Sir Paul Coleridge's views on marriage
6th January 2014
Sir Paul Coleridge, a judge of the high court Family Division, is also the founder and chairman of The Marriage Foundation, a think-tank that promotes the institution of marriage by offering support and information and by engaging in public debate. Nor is Mr Justice Coleridge himself a stranger to public debate, having incurred the glare of the media spotlight at regular intervals during the past year following a formal warning for judicial misconduct in relation to his comments about marriage made in The Telegraph and The Times.
The remarks that prompted the disciplinary measures included his categorisation of same-sex marriage as a “minority issue” and his claim that marriage is far more likely than cohabitation to offer the degree of stability necessary to raise children. Whatever one’s views on the substantive content of Mr Justice Coleridge’s comments, the point of principle concerned – namely whether these actions are incompatible with his judicial responsibilities – is equally important.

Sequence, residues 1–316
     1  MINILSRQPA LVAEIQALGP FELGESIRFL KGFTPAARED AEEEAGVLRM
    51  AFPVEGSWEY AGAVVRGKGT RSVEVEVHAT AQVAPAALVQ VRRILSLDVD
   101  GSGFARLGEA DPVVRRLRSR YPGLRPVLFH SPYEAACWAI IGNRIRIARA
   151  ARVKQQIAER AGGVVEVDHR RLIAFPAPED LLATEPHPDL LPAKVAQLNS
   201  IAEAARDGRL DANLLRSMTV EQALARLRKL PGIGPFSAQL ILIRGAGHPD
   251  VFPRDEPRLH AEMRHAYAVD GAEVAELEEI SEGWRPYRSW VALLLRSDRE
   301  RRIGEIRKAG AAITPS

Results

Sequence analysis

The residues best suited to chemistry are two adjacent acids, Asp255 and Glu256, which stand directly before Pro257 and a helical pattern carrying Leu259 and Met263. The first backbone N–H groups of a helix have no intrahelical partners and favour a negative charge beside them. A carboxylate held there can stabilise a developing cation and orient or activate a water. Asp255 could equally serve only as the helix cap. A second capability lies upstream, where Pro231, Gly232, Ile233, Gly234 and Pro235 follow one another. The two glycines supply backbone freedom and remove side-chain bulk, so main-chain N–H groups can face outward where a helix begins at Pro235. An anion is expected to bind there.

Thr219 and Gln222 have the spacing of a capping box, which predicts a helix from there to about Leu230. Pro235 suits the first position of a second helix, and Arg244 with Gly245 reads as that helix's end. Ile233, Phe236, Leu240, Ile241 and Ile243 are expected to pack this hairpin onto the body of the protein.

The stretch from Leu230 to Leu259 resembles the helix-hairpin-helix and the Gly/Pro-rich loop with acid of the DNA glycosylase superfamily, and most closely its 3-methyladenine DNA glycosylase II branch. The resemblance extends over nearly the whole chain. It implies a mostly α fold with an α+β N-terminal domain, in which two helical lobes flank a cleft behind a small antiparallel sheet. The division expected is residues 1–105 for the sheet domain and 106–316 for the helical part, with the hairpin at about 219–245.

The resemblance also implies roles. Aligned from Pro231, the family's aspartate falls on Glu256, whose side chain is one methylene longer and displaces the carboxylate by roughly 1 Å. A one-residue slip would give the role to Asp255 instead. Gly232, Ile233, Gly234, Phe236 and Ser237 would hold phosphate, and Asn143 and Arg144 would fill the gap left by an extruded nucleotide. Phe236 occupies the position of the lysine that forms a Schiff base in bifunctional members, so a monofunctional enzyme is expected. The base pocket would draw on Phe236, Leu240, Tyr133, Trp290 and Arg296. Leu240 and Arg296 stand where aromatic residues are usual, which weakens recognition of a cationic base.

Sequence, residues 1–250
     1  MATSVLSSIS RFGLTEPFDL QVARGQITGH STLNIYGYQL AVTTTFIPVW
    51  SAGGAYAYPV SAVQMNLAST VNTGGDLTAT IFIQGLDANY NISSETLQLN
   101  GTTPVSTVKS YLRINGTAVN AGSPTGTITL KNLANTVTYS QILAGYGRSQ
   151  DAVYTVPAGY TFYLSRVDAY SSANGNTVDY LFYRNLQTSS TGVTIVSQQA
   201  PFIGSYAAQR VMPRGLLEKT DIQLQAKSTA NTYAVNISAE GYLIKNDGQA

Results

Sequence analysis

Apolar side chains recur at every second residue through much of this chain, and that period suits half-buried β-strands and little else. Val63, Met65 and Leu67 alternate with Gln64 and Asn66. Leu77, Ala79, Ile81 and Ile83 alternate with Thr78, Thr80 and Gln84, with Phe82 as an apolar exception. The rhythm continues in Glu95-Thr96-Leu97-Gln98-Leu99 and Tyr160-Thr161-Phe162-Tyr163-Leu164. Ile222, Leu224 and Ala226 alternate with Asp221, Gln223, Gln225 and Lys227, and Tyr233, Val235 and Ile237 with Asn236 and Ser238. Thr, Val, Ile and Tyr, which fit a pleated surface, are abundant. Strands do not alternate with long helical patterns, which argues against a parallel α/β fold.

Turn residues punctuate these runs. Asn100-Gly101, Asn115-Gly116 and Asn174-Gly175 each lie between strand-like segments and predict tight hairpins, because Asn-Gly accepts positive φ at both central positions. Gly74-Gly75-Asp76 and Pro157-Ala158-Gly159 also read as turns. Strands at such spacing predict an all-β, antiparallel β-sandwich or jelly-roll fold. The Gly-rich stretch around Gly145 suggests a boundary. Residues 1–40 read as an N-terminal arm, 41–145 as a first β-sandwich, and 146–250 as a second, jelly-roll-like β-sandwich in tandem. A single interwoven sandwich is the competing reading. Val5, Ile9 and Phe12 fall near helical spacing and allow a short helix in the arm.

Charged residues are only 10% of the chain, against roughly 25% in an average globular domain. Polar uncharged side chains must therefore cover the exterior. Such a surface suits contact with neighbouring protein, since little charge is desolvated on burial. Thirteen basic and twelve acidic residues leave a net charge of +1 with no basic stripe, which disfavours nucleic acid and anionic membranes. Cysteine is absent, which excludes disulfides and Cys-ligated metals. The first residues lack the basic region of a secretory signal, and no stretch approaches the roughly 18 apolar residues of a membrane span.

Impartiality of the judiciary
The impartiality of the judiciary is enshrined at the heart of our legal system, and judicial conditions of appointment state that a High Court judge “must expect to forgo any kind of political activity and be on their guard against circumstances arising in which their involvement in any outside activity might be seen to cast doubt on their judicial impartiality or conflict with their judicial office.”However, given that the judiciary is made up of a number of the country’s most intelligent minds and eloquent voices, it is surely natural that each has well-formed beliefs and opinions, whether or not they seek to express these in public. The ultimate issue is whether these beliefs affect their ability and inclination to do justice, “without fear or favour, affection or ill-will” as they have sworn to do, though it is surely inconceivable that any person could rise through the ranks of the Bar and the judiciary without being perfectly able to separate their personal beliefs from their professional duties.Mr Justice Coleridge has now announced that he will be stepping down from the judiciary this year, five years earlier than he might have done. Whatever his personal beliefs, the Family Division will surely feel the departure of such an experienced and insightful mind very keenly indeed.